container, the physical container of the object, i.e. the inner acquisition parent. If the published object is a method, the container is also set to be the method, but stripped of any outer acquisition chains by a call to
aq_inner(). If the published object does not have an inner acquisition parent, the traversal parent is used in the same way as it is used to set
name, the name used to access the object, e.g. a traversal path element.
value, the object we are validating access to, i.e. the published object.
- If this is the top-level user folder and the user is the emergency user, return the user immediately without further authorization.
Otherwise, attempt to authorize the user by creating a
new security manager for this user and calling its
The default security manager
method delegates to the equivalent method on the
ZopeSecurityPolicy. This is a charming 200+ line bundle of
statements that does something like this:
aq_*attribute other than
aq_base'd version of
accessed. If the
accessedparent was not acquisition-wrapped, treat the
aq_base'd container as the
The caller may have passed in the required roles already as an optimization. If not, attempt to get the required roles by calling
getRoles(container, name, value). The Python version of this is defined in
AccessControl.ZopeSecurityPolicy. It does the following:
__roles__attribute, and it is
ACCESS_PUBLIC) or a list or tuple of roles, return them. (This probably means the
valueis a content object or similar.)
If it is a
PermissionRoleobject or another object with a
rolesForPermissionOn()method (described above), call this with the
valueas an argument and return the results. (This probably means the value is a method.)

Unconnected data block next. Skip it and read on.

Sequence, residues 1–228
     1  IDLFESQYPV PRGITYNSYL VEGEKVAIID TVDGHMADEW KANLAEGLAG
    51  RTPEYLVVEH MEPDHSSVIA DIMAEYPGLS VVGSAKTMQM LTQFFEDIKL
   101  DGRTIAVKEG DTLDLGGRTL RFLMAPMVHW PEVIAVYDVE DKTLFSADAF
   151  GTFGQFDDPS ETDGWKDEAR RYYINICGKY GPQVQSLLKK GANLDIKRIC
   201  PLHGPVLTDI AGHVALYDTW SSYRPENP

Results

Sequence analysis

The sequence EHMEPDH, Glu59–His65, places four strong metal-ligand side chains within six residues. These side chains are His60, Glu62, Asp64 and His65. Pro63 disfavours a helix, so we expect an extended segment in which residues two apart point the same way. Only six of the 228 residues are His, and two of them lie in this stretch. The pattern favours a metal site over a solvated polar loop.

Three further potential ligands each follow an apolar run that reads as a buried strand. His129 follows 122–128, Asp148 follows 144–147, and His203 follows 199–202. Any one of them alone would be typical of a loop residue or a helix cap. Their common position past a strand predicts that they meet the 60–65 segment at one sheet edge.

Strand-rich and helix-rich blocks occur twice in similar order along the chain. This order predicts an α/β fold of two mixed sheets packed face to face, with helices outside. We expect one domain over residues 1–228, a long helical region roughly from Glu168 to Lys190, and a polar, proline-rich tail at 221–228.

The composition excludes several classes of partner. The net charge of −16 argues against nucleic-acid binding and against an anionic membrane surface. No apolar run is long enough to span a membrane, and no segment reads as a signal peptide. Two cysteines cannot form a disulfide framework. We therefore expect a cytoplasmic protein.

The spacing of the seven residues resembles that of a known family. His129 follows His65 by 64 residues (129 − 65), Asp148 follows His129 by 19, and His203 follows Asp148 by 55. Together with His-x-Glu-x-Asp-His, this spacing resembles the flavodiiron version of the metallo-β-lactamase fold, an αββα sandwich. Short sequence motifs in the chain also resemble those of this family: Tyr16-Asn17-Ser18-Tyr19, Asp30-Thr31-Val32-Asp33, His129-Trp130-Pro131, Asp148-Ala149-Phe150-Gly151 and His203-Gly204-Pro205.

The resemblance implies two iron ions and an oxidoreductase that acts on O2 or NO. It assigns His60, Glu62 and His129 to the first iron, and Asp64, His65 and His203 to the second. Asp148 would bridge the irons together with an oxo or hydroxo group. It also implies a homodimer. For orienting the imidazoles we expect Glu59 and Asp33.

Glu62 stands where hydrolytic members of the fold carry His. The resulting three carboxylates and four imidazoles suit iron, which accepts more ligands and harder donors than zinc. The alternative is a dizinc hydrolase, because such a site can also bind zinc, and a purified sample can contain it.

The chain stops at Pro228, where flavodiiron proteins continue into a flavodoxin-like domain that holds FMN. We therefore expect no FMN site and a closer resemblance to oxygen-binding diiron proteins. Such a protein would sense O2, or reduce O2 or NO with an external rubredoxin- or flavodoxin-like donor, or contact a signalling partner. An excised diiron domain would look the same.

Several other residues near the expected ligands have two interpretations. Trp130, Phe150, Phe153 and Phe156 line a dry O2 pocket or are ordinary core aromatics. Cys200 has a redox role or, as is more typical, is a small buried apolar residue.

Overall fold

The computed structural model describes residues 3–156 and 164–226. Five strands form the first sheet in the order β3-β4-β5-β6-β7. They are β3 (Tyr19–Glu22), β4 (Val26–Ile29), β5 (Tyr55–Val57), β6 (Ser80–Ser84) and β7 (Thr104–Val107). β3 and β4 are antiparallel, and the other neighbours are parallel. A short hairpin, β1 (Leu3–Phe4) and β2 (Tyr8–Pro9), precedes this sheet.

If there is no
__roles__attribute, check if we have a
name. Return "no roles" if not.
Attempt to find a class for the
valueis a method, go via the
im_selfattribute to get an instance to use as the
container. Then look for a
<name>__roles__attribute on the class. If this is a
rolesForPermissionOn()as above; if it is a list, tuple or one of the sentinel values (
ACCESS_NONE, return it directly.
- If the
- If we still have no roles, we may have a primitive or other simple object
that is not directly security-aware. We can still try to get security information from the
If there is no
containerpassed in, we have no way of inferring one, so all bets are off. Raise
Attempt to get a
__roles__value from the
container. If it is acquisition-wrapped, also try to explicitly acquire
__roles__if it does not have a
If this fails, then we may still be able to get some security assertions from the container (see below), but we only allow this if the
accessedparent is the
container. If the
valuewas accessed through a more convoluted acquisition chain, say, we cannot rely solely on container assertions, so we raise
At this point, there are two possibilities: we have some roles required to access the
container, or we have no roles at all, but we accessed the
valuedirectly from its parent
container. In both cases, we check container security assertions:
containeris a tuple or string, and we have gotten this far, we consider access to be allowed and return true. (This can't really happen through URL traversal, but could occur with path traversal).
containeris an object with an attribute
__allow_access_to_unprotected_subobjects__, obtain this. It can be of three things:
- An integer or boolean
if set to a true value, allow access and return
True, otherwise raise
- A dictionary
Attempt to look up a truth value in this dictionary by using the accessed
nameas a key. If not found or false, raise
Unauthorized, otherwise allow access and return
True. If the name is not found, default to allowing access.
- A callable
Call it with the
valueas arguments, and use the return value to determine whether to allow access or raise
If there is no
If we did manage to get some roles from the container, we still check
__allow_access_to_unprotected_subobjects__as above, but only as a negative: we raise